Lacquer Ware 漆器
Lacquer ware artifacts are made from wood or silk skeletons with several to dozens of coats of lacquer. In some cases, up to two hundred layers have been applied. Lacquer ware dates back to pre-historic times in China. The oldest piece is a bowl from the Hemudu Culture 河姆渡文化 in present day Zhejiang province and dates to about 5,000 BCE. Lacquer ware utensils were popular with the noble classes in the Xia, Shang, and Zhou dynasties. The lacquer used is resistant to acid deterioration and has enabled the artifacts to survive relatively well. Many lacquer artifacts have survived from the Warring States period in tombs in excellent condition. The Kingdom of Chu during the Warring States period was on of the most prolific producers of lacquer artifacts.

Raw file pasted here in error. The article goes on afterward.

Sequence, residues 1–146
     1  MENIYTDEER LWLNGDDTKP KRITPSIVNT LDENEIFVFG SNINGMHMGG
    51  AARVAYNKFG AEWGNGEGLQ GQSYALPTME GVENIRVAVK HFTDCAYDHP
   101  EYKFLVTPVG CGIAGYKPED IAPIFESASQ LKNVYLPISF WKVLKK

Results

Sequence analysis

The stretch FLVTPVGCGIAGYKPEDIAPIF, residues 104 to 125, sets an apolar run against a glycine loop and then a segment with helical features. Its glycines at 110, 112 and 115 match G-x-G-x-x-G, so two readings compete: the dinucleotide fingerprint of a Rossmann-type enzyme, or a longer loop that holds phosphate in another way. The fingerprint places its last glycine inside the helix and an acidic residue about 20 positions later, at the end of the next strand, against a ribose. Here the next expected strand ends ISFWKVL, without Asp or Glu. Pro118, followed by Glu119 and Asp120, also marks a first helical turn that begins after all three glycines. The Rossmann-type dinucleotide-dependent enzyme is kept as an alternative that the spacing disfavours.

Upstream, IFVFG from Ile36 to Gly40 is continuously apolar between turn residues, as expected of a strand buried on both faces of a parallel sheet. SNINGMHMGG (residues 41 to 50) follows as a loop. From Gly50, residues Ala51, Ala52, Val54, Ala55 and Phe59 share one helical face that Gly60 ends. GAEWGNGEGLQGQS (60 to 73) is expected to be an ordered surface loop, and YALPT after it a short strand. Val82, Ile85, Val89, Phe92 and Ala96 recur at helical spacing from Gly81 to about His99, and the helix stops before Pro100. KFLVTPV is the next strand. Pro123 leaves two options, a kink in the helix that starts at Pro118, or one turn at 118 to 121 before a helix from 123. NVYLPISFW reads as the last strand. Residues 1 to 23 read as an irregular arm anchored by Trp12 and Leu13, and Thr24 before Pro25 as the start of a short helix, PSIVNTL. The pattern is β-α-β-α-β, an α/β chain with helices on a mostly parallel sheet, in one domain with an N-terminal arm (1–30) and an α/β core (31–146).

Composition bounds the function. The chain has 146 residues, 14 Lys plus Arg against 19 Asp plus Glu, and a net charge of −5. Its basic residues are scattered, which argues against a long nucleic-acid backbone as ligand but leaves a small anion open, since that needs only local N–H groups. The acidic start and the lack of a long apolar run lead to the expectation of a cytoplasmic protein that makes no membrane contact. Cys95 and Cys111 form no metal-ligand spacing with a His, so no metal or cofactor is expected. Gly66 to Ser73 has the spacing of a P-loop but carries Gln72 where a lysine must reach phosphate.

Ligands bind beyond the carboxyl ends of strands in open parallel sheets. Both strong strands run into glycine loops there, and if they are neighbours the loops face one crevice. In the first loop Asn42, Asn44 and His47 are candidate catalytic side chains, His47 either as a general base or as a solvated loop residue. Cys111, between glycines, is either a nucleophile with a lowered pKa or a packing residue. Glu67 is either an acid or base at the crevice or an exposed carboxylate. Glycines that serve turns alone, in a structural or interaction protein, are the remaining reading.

The lacquer was derived from lac trees 漆树 that are common in Hubei and Hunan. The basic background colors are red and black with decorations painted done in more diverse colors. Lacquer ware art reached its peak during the reign of Qianlong during the Qing. The plate below is a plate from the Qianlong reign.
The picture below shows a landscape scene on a carved lacquer screen.
Because of the many layers and the need to dry each layer before applying the next, the best lacquer ware can take up to ten years to produce.
Lacquer ware is frequently inlaid with gold, silver, mother-of-pearl, ivory, and other materials. The artifact below is decorated with inlaid gold.
Tibetan art is unique in combing elements of Indian and Chinese art with an emphasis on strange and sometimes scary Tantric Buddhism and drawing on roots in Tibetan folk religion. The Yamantaka 牛头明王, a Tantric Buddhist diety and Tibetan favorite, is typically intimidating.